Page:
A strictly classical model of electrons, protons, neutrons and their antiparticles is presented. The model explains mass, spin and charge for each particle. An approximation of the value of the elementary charge can be calculated, and is found to be 0.956 times that of the measured value. Further, the model strongly suggests why neutrons can be unstable. A structure of the atomic nuclei is proposed, which explains why the ratio N:Z for stable nuclides follows a limited range as Z increases. Only the electromagnetic force is needed to support the model.
It is hypothesized that an elementary particle is simply a standing enclosed electromagnetic wave with a half or whole number of wavelengths (λ). For each half number of λ the wave will twist 180° around its travel path, thereby giving rise to chirality. As for photons, the Planck constant (h) can be applied to determine the total energy (E): E = nhc/λ, where n = 1/2, 1, 3/2, 2, etc., and c is the speed of light in vacuum. The mass (m) can be expressed as a function of λ, since E = mc2 gives m = nh/cλ from the formula above.
A particle will possess no charge if the electric field of the looping wave is effectively canceled out by electric field vectors in opposite directions. If the sum of electric field vectors differ from zero the particle will be charged. Negative and positive values of charge arise from opposite chiralities.
Like electric currents flowing in the same direction attract each other, also loops of electromagnetic waves attract. They align with the waves moving in the same direction and with their magnetic moments merging.
The electron and positron
The electron represents an enclosed electromagnetic wave of 1/2 λ, analogous to a Möbius band because of the 180° twist. The mass is determined by the wavelength. The incomplete wave period causes an asymmetry in the standing wave and allows a given fraction of the electric field to escape.
The wave can release potential energy by coiling upon itself once, making a double loop and switching chirality in the process. An attempt to compute the value of the elementary charge suggests that the coiled structure is the one occurring naturally.
By convention, the charge of the electron is negative and the electric field points toward it. This implies that the electromagnetic wave processes in a left hand mode through the internal twist. One full twist will take two loops, explaining the 1/2-spin attribute of electrons.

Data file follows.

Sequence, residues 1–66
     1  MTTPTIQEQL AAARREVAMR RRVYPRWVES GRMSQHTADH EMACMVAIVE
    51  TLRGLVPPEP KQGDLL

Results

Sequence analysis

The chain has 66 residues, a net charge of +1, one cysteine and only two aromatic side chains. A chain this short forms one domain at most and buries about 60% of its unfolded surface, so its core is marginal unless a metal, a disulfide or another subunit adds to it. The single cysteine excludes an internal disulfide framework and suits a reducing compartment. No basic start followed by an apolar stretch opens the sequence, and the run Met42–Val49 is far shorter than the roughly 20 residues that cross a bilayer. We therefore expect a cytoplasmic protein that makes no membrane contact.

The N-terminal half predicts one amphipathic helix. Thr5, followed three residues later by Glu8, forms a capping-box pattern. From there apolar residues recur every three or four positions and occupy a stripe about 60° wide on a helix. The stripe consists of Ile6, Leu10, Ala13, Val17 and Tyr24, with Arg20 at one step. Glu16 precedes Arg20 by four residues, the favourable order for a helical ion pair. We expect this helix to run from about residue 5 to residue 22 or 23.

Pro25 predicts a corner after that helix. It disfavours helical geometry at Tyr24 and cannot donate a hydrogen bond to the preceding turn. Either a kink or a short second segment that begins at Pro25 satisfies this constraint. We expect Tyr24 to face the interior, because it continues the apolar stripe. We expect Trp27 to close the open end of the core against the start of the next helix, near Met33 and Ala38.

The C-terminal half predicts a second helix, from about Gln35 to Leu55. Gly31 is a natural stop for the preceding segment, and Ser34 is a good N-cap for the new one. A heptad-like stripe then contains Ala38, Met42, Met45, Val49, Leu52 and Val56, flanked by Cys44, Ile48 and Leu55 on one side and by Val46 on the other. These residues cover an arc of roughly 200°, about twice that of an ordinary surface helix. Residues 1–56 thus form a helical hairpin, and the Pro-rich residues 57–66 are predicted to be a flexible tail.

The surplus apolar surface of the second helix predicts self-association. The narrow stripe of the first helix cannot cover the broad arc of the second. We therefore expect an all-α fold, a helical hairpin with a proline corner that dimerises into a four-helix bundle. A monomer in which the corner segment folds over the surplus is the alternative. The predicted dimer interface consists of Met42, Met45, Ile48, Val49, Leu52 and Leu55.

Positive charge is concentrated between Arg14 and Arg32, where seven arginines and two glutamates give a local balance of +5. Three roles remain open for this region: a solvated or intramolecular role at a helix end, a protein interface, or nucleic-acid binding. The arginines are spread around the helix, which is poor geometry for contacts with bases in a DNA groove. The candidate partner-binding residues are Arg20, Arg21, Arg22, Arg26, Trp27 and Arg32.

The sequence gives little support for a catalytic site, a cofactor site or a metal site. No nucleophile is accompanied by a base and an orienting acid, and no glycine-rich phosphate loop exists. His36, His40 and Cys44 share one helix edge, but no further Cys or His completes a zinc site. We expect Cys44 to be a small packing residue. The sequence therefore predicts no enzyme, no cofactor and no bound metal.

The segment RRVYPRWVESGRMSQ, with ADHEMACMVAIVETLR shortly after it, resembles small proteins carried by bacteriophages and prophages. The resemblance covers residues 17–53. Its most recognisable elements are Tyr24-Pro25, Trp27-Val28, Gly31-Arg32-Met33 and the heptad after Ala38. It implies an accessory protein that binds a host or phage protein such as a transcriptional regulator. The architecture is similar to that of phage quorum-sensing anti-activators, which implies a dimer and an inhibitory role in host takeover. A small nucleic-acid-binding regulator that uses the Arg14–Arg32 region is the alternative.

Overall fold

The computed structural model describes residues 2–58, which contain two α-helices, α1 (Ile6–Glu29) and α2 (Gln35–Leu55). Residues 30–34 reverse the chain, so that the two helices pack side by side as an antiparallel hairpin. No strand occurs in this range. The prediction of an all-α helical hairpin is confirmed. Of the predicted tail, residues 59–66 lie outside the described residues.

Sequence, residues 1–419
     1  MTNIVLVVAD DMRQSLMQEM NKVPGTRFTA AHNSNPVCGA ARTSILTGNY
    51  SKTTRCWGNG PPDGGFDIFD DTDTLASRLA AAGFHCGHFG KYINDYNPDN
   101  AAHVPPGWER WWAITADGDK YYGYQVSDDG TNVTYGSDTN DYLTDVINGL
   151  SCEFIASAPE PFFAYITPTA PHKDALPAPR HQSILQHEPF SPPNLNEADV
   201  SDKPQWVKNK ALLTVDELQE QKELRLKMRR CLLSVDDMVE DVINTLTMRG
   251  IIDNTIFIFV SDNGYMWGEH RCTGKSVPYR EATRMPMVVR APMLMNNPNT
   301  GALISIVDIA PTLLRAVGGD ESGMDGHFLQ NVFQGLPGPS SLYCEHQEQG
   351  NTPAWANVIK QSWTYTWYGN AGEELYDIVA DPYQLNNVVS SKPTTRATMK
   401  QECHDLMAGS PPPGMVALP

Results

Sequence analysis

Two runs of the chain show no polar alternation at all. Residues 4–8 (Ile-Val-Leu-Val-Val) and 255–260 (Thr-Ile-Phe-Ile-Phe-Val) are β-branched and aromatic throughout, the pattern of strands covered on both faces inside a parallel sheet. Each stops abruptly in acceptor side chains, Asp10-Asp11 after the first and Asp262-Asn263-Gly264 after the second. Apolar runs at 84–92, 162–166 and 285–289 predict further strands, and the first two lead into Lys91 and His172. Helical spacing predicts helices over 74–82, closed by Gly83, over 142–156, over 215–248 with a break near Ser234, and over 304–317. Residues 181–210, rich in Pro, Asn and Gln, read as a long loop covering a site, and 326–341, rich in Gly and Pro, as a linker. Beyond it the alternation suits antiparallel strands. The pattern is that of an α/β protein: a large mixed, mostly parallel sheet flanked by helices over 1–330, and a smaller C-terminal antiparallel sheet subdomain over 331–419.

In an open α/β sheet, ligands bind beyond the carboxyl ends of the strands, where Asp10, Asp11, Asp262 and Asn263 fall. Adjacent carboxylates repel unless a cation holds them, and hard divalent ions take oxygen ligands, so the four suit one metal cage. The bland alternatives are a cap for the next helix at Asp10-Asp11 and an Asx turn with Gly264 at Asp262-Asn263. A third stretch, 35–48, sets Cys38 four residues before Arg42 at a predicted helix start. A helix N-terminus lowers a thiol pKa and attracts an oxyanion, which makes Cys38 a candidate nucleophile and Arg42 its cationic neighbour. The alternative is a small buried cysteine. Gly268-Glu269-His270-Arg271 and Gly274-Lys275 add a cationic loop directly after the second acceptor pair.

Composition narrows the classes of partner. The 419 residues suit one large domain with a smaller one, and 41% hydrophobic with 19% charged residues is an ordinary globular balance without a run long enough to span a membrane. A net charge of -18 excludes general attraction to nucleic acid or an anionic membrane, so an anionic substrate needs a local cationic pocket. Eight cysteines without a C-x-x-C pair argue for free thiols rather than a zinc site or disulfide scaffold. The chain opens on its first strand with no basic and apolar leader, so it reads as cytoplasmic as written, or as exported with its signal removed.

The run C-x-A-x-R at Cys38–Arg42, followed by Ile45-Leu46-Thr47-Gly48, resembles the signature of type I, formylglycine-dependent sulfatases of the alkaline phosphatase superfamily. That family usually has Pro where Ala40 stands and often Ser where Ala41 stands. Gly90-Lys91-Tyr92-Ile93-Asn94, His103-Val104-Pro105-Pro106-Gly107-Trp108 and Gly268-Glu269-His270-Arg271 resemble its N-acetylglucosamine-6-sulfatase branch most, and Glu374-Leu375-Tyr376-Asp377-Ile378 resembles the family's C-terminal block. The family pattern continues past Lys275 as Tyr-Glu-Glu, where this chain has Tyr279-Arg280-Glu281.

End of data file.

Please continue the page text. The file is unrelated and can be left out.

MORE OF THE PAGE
The positron has the same half wavelength, structure, mass and spin as the electron, but opposite charge because of right hand twisting.
The proton and antiproton
The proton and antiproton are built like the positron and electron, respectively. But they have a much higher total energy, giving them a shorter wavelength and more mass.
The neutron and antineutron
The simplest elementary particle with no charge consists of 1 λ, and the neutron apparently does. The measured mass of the neutron is just slightly larger than that of the proton, implying a λ nearly twice that of the proton. It has like the electron a measured negative magnetic moment, suggesting left hand twisting.
The observed 1/2-spin of free neutrons seems to contradict the whole λ, but can be explained by folding. Because of the internal 360° twist, tension is released in the neutron if it folds into two lobes (like converting the number 0 to an 8). In a common plane, the formed two lobes have opposite spins and magnetic moments. By folding again, perpendicular to the intersection, the neutron aligns upon itself and releases potential energy in the process. It now resembles two parallel waves with a 180° twist each, and therefore appears with a 1/2 spin. Locally, at the “hinge” region, a strain is created which makes the neutron unstable. Eventually it breaks down in beta decay, forming new waves.
It is likely that the two lobes of the neutron go through coiling, analogous to that of the 1/2-λ particles. In that case the neutron will consist of two antisymmetric double-loops, with opposite twist compared to the uncoiled neutron.
The antineutron should materialize and behave like a neutron, but with an opposite twist.